The Calmer Waters of Meditation – By Guest Blogger Andrew Beck (part 1)

Hi, and welcome to this guest blog post by my musician and author friend, Andy Beck.

We met through an autor programme called Author Academy Elite, which is based in The United States and offers a lot of programmes for self and professional development. More specifically, we met through the Igniting Souls London group, led by yours truly, and we’ve become accountable to each other and a third member who I will be featuring here once her book is published, as she touches on a topic close to my heart as well – Autism.

It’s safe to say that we both would recommend Kary Oberbrunner and his programmes! You can test out the free versions first and then decide for yourself.

Let me now tell you a bit about what the next few posts will be about…

Andy has recently published his new book FOLK SPRINGS ETERNAL, which follows four talented musicians playing Irish and Scottish music with a punk twist.

So, why is Andy talking to us about mindfulness and meditation if his book is about music?

Folk music, a passion of Andy’s, as well as Self-care, are at the heart of this book.

In a nutshell (as revealed in the Amazon summary of this book), the book talks about how these four individuals navigate through life to get where they want, finding the tools they need to find success among the criticism, the busyness of life, and every obstacle that is placed among them.

Sound familiar? We all go through similar things, so this book is very relatable whether you’re into folk music or not.

At the end of the book, Andy offers coaching and other services that will help guide you to find success and to withstand setbacks and failures.

Without further ado, I’ll let Andy talk directly to you guys about what he’s found through writing this novel, his own life journey and his discovery of meditation as a means to reach his goals and do what he’s passionate about.

“You should be a priority in your life at all times,” said my author friend Karin Brauner when introducing her book “20 Self Care Habits”.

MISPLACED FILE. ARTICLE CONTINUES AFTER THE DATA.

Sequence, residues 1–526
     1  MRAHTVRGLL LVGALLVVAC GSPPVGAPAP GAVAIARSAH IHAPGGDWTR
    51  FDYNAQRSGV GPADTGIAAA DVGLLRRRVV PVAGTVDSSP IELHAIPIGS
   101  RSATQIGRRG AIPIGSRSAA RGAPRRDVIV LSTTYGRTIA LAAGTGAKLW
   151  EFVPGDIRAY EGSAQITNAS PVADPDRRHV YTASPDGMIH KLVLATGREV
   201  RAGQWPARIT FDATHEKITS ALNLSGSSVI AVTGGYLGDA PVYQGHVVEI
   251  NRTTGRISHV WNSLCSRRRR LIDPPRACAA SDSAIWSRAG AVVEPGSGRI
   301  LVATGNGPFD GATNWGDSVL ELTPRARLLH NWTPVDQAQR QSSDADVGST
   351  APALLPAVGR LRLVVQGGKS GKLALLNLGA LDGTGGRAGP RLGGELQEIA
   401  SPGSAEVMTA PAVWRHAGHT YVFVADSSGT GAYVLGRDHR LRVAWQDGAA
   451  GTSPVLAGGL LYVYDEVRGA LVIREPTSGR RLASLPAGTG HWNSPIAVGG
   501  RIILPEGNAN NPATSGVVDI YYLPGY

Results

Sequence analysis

Get that right, and pandemic or no pandemic, all of life’s other obligations will be less of a strain. 

I know what that strain feels like…

My wife and I spent a week in the Inner Hebrides in 2017.

Yes, we were on holiday in Scotland, one of the most beautiful parts of the UK. And I felt dreadful.

Far too much time to think, not enough control over my thoughts to stop them spiralling out of control. 

This is just one example.

Fortunately, my breakthrough came that same year; having suffered from depression and anxiety on and off since my mid-teens, I finally discovered Mindfulness-based cognitive therapy (MBCT), or Mindfulness meditation.

And it worked.

This is something of a miracle, given that I was convinced I was beyond help, that my mind was some incomprehensible maze. 

And I’m not the only one to feel this way. 

Even Lin, the heroine in my recent novel Folk Springs Eternal, struggles not only as an Irish folk musician but also with her own state of mind: 

[S]he needed to control her temper. The irascible attitude, the raised voice, the profanity, definitely the way she’d behaved towards Gus and Herman that morning. None of it had helped; more to the point, it was embarrassing, both to her and to her friends. 

But what could she do to address her aggression issues?

She had no idea where to start, and her only inkling was defeatist. 

Maybe I can’t change.

Do you recognise yourself in any of the above?

Feel like demons are stalking you, and you don’t have much of a defence?

Then this post is for you.

Lin chooses to embrace the calmer waters of meditation, and just like me three years ago, it turns her life around.

She goes from being verbally and physically abusive towards those closest to her, to showing them the respect and affection they deserve (and quitting nicotine).

Even if the world is not much different, her world certainly is.

And so is mine.

Now, we can both show the world the best versions of ourselves, and try to leave the positive mark on it that we want to be remembered for. 

While I can’t say that Mindfulness will be THE answer for you (as different therapies work for different people), my mental health advice is as follows:

“Never stop searching for answers.”

Thus, knowing about MBCT can’t hurt; it at least gives you the chance to try it out, to see whether it will benefit you. 

I hope you enjoyed this installment of our Guest post this week.

We will be collaborating with Andy for a few more guest posts, so if you haven’t, subscribe to my blog to follow them (see the form below), and also do go follow Andy’s blog page through this link for more on folk music, self-care and updates on his upcoming products and services.

In next week’s post, Andy will continue talking to us about mindfulness based cognitive therapy.

Just a note from the therapist in me: if you’d like to know more about other therapies also available, you can have a look at my website in the “how I work” section.

Until next week….

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